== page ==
In re the Matter of: Olivia Jassah Cassell, petitioner, Respondent, vs. Gabriel B. Cassell, Appellant.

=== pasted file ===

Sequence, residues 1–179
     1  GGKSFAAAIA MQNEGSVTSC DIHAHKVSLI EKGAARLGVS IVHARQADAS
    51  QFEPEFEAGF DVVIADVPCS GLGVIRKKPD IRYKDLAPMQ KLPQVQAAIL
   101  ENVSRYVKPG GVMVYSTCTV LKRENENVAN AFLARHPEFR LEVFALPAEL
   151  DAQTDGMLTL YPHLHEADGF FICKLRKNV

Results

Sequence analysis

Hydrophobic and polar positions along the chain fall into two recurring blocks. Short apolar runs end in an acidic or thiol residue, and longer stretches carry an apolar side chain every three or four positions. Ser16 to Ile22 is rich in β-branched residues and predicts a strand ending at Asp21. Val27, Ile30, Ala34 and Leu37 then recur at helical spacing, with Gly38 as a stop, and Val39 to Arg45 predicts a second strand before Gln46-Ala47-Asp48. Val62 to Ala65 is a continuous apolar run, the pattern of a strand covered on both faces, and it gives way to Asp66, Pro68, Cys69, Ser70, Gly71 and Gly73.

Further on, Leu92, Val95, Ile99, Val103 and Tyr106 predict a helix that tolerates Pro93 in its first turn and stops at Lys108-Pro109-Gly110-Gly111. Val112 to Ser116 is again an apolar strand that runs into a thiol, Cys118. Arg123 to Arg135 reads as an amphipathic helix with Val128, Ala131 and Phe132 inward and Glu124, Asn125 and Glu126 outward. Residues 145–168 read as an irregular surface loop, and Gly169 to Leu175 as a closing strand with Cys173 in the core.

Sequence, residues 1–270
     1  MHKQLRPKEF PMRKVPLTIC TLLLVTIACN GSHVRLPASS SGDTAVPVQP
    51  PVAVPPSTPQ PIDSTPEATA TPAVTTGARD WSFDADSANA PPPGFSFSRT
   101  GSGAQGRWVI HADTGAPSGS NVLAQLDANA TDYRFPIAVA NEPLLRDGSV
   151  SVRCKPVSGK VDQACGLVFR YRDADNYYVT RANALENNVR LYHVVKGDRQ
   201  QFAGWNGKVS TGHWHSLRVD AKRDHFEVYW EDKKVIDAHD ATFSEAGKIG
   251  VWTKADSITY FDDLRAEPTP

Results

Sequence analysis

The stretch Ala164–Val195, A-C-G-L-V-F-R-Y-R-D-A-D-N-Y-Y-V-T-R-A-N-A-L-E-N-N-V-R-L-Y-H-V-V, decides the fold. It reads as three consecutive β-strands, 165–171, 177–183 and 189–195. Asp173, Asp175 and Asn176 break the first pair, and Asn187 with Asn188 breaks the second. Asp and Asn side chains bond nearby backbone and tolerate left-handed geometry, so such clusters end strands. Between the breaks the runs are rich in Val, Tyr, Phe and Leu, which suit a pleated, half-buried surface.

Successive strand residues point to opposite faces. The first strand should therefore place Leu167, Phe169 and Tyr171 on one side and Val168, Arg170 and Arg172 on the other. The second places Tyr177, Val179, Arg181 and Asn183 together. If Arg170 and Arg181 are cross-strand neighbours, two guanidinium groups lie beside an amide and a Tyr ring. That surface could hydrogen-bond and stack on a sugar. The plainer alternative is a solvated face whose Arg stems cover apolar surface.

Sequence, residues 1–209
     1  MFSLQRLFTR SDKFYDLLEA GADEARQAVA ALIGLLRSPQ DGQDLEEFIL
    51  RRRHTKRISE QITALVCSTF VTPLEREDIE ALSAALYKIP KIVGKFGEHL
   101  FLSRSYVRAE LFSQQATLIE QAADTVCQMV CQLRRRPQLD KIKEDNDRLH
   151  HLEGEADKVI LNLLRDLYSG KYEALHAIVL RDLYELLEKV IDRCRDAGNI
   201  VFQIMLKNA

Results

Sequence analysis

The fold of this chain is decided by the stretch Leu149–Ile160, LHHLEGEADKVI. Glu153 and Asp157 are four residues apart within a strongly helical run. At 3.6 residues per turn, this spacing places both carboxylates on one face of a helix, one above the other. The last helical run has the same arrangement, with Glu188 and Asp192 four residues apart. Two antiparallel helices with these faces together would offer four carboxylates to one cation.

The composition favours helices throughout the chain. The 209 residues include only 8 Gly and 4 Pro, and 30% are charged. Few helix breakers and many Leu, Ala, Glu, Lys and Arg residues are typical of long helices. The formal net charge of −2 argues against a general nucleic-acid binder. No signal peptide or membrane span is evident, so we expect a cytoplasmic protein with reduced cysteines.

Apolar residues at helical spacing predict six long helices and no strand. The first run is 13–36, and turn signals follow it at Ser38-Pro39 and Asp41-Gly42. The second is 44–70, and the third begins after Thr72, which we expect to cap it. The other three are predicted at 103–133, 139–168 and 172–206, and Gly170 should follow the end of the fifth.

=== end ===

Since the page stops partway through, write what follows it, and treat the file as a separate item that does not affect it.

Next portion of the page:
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This opinion will be unpublished and may not be cited except as provided by Minn. Stat. § 480A.08, subd. 3 (2010). STATE OF MINNESOTA IN COURT OF APPEALS A10-1085 A10-1524 In re the Matter of: Olivia Jassah Cassell, petitioner, Respondent, vs. Gabriel B. Cassell, Appellant. Filed March 8, 2011 Affirmed Schellhas, Judge Ramsey County District Court File No. 62-FX-05-002034 Gabriel B. Cassell, Pottstown, Pennsylvania (pro se appellant) Olivia J. Cassell, Coon Rapids, Minnesota (pro se respondent) Considered and decided by Shumaker, Presiding Judge; Halbrooks, Judge; and Schellhas, Judge. UNPUBLISHED OPINION SCHELLHAS, Judge In this consolidated appeal, pro se appellant-father argues that the district court erred by (1) denying him an evidentiary hearing on his motion to modify child custody, (2) concluding that he is voluntarily unemployed for child-support purposes, (3) designating him a frivolous litigant, and (4) demonstrating bias against him. We affirm. FACTS This matter is before this court on a second appeal. See Cassell v. Cassell, No. A07-1655, 2008 WL 2651425 (Minn. App. July 8, 2008), review denied (Minn. Sept. 23, 2008). Appellant-father Gabriel Cassell and respondent-mother Olivia Jassah Cassell were married in 1993 and divorced in 2003. Id. at *1. The parties have one child together, L.A.C., who was born in 1998. Id. In March 2006, the district court granted joint legal custody of L.A.C. to the parties and sole physical custody to mother. Id. The district court ordered father to pay mother $412 per month in child support for L.A.C. Id. In July 2007, after an evidentiary hearing on father s motion to reconsider, the district court issued 35 pages of findings of fact, conclusions of law, order, and judgment. Id. at *4. The court again granted physical custody of L.A.C. to mother and ordered father to pay $412 per month in child support. Id. at *7, *11. Father appealed from the July 2007 order. This court reversed and remanded because, among other things, the district court s findings did not support its conclusion that father could pay $412 in child support when his monthly income was $1,648.10, and his monthly expenses were $2,868.82, including expenses for his current wife and subsequently born child. Id. at *11. On remand, the district court issued an order, noting that father s monthly expenses of $2,868.82 included expenses related to his current wife and subsequently born child and finding that father s current wife had not been shown to be disabled and 2 unable to work. . . . [T]herefore [she has] no barrier to . . . making a contribution to the monthly expenses for that household. The court also found that father s expenses and monthly debt were accumulated on credit cards and loan payments and incurred for father s own benefit and not for the benefit of the parties child. The court noted that father had filed bankruptcy and discharged all of his previous debts since the issuance of the previous child-support order. The court therefore reduced father s expenses to $1,400, omitting the expenses attributed to his current wife, and ordered father to pay child support in the amount of $412 per month. On January 15, 2009, father moved the district court to modify child support because he had left his full-time employment to attend school. In April 2010, a childsupport magistrate (CSM) issued an order and amended order denying father s motion. The court found that because father s career change does not outweigh the adverse effect of the change in employment on the parties child, father was voluntarily unemployed. See Minn. Stat. § 518A.32, subd. 3(2) (2008). The CSM also found that father s nonjoint, subsequently born children would not be considered in the child-supportmodification proceeding. On July 7, 2010, the district court affirmed the CSM s order. On January 19, 2010, father moved the district court to modify custody. In an order dated May 21, 2010, the court denied father s motion and found it appropriate to hold a hearing on the issue of 1) whether [father] is a frivolous litigant as defined by Rule 9.06 of the Minnesota General Rules of Practice, and 2) whether an order should be entered pursuant to Rule 9.01. The court ordered that: A hearing on whether [father] is 3 a frivolous litigant will be held upon [mother s] written request to the Court that the hearing be scheduled. Father appeals from the orders of July 7, 2010, and May 21, 2010. DECISION Child-Support Modification When a CSM s decision is affirmed on a motion for review, the decision is treated as that of the district court. Rose v. Rose, 765 N.W.2d 142, 145 (Minn. App. 2009). The district court has broad discretion in deciding child-support issues and we will not reverse the court s determination absent a clear abuse of that discretion. Id. A court abuses its discretion if it improperly applies the law. Id. To modify an existing child-support obligation, the moving party must show (1) a substantial change in circumstances that (2) renders the existing support obligation unreasonable and unfair. Minn. Stat. § 518A.39, subd. 2(a) (2010). The party who moves to modify an existing child-support order has the burden of demonstrating both a substantial change in circumstances and the unfairness and unreasonableness of the order because of the change. Rose, 765 N.W.2d at 145. The calculation of a child-support obligation requires a determination of each parent s gross income. Minn. Stat. § 518A.34(b)(1) (2010). In the child-support context, gross income includes any form of periodic payment to an individual, including . . . potential income under section 518A.32. Minn. Stat. § 518A.29(a) (2010). If a parent is voluntarily unemployed, . . . child support must be calculated based on a determination of potential income. Minn. Stat. § 518A.32, subd. 1 (2010). 4 A parent is not considered voluntarily unemployed if the parent can show that the unemployment represents a bona fide career change that outweighs the adverse effect of that parent s diminished income on the child. Id., subd. 3(2). Whether a parent is voluntarily unemployed is a finding of fact, which we review for clear error. Welsh v. Welsh, 775 N.W.2d 364, 370 (Minn. App. 2009). Father argues that there has been a substantial change in circumstances because his gross income substantially decreased when he quit his job to attend school, and that the district court erred by finding that he is voluntarily unemployed. We disagree. The district court s finding that father is voluntarily unemployed is supported by evidence in the record. Father voluntarily terminated his full-time employment on December 31, 2009, to pursue a bachelor s degree in secondary education. The parties child, L.A.C., will be nearly 15 years old when father obtains his degree in December 2012, as planned. If father s child-support obligation is completely suspended, mother will receive no support for L.A.C. from January 1, 2010 through December 31, 2012, a period of three years. Assuming that father obtains his bachelor s degree in December 2012, immediately obtains employment that pays more than his last employment, and pays mother more child support than $412 per month, L.A.C. may receive three years of increased child support. But the possibility of L.A.C. s receipt of three years of increased child support must be weighed against the reality of L.A.C. s receipt of no child support for three years. We conclude that the district court did not abuse its discretion by finding no substantial change in circumstances because appellant is voluntarily unemployed. The facts support the district court s finding that the possible benefit that L.A.C. may reap 5 from father s additional education and career change is outweighed by the detriment of the downward child-support modification for three years. Father also attempts to challenge the district court s January 2009 child-support order of $412 per month, arguing that the district court erred by considering his current wife s income. Father has not appealed from that order, which was issued on remand in accordance with this court s directive. See Cassell, 2008 WL 2651425, at *11. We lack jurisdiction over father s attempt to challenge his child-support obligation arising out of the January 2009 order. Timely filing of a notice of appeal with the clerk of the appellate courts and timely service on the adverse party are the jurisdictional steps required to initiate an appeal. Minn. R. Civ. App. P. 103.01 1998 advisory comm. cmt. Service of notice of filing of the January 2009 order occurred on February 3, 2009, and more than 60 days have passed since that date. See Minn. R. Civ. App. P. 104.01 (addressing appeal periods). Child-Custody Modification Appellate review of custody determinations is limited to whether the district court abused its discretion by making findings unsupported by the evidence or by improperly applying the law. Goldman v. Greenwood, 748 N.W.2d 279, 281 82 (Minn. 2008) (quotation omitted). District courts have broad discretion in determining custody matters. Id. at 282 (quotation omitted). We will affirm a district court s findings of fact unless they are clearly erroneous. Pikula v. Pikula, 374 N.W.2d 705, 710 (Minn. 1985). Father argues that the district court abused its discretion by denying his motion to modify custody. We disagree. The guiding principle in all child-custody determinations 6 is the best interests of the child. Id. at 711. A district court shall not modify a prior custody order unless it finds, upon the basis of facts that have arisen since the prior order or that were unknown to the court at the time of the prior order, that a change has occurred in the circumstances of the child or the parties and that the modification is necessary to serve the best interests of the child. Minn. Stat. § 518.18(d) (2010). In applying these standards, the court shall retain the custody arrangement that was established by the prior order unless the child s present environment endangers the child s physical or emotional health or impairs the child s emotional development and the harm likely to be caused by a change of environment is outweighed by the advantage of a change to the child. Minn. Stat. § 518.18(d)(iv). The party seeking modification of a custody order bears the burden of proof. Goldman, 748 N.W.2d at 286. A district court . . . has discretion in deciding whether a moving party makes a prima facie case to modify custody. Szarzynski v. Szarzynski, 732 N.W.2d 285, 292 (Minn. App. 2007). Here, father moved the district court to modify a child-custody order on the grounds of endangerment to L.A.C. The district court decided that appellant did not present a prima facie case for child-custody modification. supported by the record. The court s decision is Father alleged that mother violated Minnesota law by intentionally making false allegations of child molestation against [him], apparently based on an email that mother sent to father with a copy to her attorney. The district court presumed that the law to which appellant referred was Minn. Stat. § 609.507 (2008), which provides that falsely alleging child abuse with the intent to influence a custody proceeding constitutes a misdemeanor. But the district court aptly noted that: 7 (1) mother had never been charged with violation of Minn. Stat. § 609.507 and the referee did not have jurisdiction over criminal matters; (2) at the time father alleges that mother made the allegations, the issue of custody had long been decided; and (3) father did not allege that mother had formally reported the alleged abuse. Father also alleged that mother s child-care arrangements for L.A.C., which included overnights at the residence of a non-relative adult male, posed significant danger to L.A.C. s emotional well-being and potential physical danger to her. But, as the district court noted, to support this allegation, father merely cited to purported statistics about the prevalence of sexual abuse of children by adults and admitted that he had no evidence whatsoever that L.A.C. was a victim of sexual abuse. We conclude that the district court did not err by concluding that father failed to present a prima facie case that the child-care arrangements endanger L.A.C. s physical or emotional health or impairs the child s emotional development to warrant a change in custody. And we therefore conclude that the court did not abuse its discretion by declining to hold an evidentiary hearing on the matter and denying father s motion to change custody. See Nice-Petersen v. Nice-Petersen, 310 N.W.2d 471, 472 (Minn. 1981) (concluding that the district court did not abuse its discretion by refusing to hold an evidentiary hearing on a custody-modification motion when the accompanying affidavit failed to set forth sufficient facts that, if true, demonstrated a prima facie case for modification). 8 Frivolous Litigant Father argued that the district court erred by finding in its May 21, 2010 order that it would be appropriate to hold a hearing on the issue of whether father is a frivolous litigant. If found to be a frivolous litigant, the district court could enter an order imposing preconditions on [his] service or filing of any new claims, motions or requests. Minn. Gen. R. Prac. 9.01. Father argues that the court s finding is precluded by collateral estoppel because the court ruled upon the issue in its January 30, 2009 order, then determining that father was not a frivolous litigant. But, as the district court noted in its May 21 order, mother again requested that the court find father to be a frivolous litigant in her counter-motion filed on August 19, 2009. The court also noted that the motion was never heard or ruled on because the hearing on [father s] motion was stricken. The district court s May 21 order provides mother with the option of seeking a hearing on the issue of whether father is a frivolous litigant, and the order properly provides father with notice that a hearing may be held. See Minn. Gen. R. Prac. Rule 9.01 (requiring notice and hearing to determine whether to impose sanctions on a frivolous litigant). Neither mother nor the district court is estopped from proceeding with a hearing under rule 9.01 simply because the court determined that father was not a frivolous litigant in its January 30, 2009 order. We reject the proposition that a litigant who was not frivolous in the past could not be found to be frivolous in the present or future. The district court did not err with regard to the frivolous-litigant issue in its May 21 order. 9 Judicial Bias This court takes allegations of bias very seriously because judicial impartiality is protected by both the Minnesota and United States Constitutions and is the very foundation of the American judicial system. Payne v. Lee, 222 Minn. 269, 272, 277, 24 N.W.2d 259, 262, 264 (1946) (citing U.S. Const. amend. XIV, § 1 (requiring due process); Minn. Const. art. I, § 8 (requiring justice completely and without denial )). In addressing claims of judicial bias, we consider the totality of circumstances. State v. Morgan, 296 N.W.2d 397, 404 (Minn. 1980). We presume that the judge discharged all judicial duties properly. State v. Mems, 708 N.W.2d 526, 533 (Minn. 2006). And we determine whether the trial judge considered arguments and motions made by both sides, ruled in favor of a complaining [party] on any issue, and took actions to minimize prejudice to the [party]. Hannon v. State, 752 N.W.2d 518, 522 (Minn. 2008); see also State v. Mems, 708 N.W.2d 526, 533 (Minn. 2006) (holding that there was no bias where the record reflects that the district court carefully considered motions made by both sides; and the court ruled in favor of appellant on some very important motions ). Father argues that the district court demonstrated extreme bias and prejudice against [him] by its decision to impose precondition on [his] filing of all future motions in the district court despite its earlier ruling. But father simply cites to multiple adverse rulings to support his claim that the district court was biased against him. And, with regard to his claim that the district court has decided that he is a frivolous litigant and has decided to impose preconditions on filing all future motions, he is wrong. As we earlier noted, at the time of father s appeal, the district court had not made a decision to impose 10 preconditions on father as a frivolous litigant. Although father cites to adverse and allegedly erroneous rulings, he does not offer any reasons to support his claim of bias. Prior adverse rulings do not constitute bias. Greer v. State, 673 N.W.2d 151, 157 (Minn. 2004). After careful review of the record, we conclude that father s argument that the district court s orders show clear bias and prejudice against him are wholly without merit. The district court s findings and orders now challenged by father reflect both thoughtful and balanced consideration of the issues presented. Affirmed. 11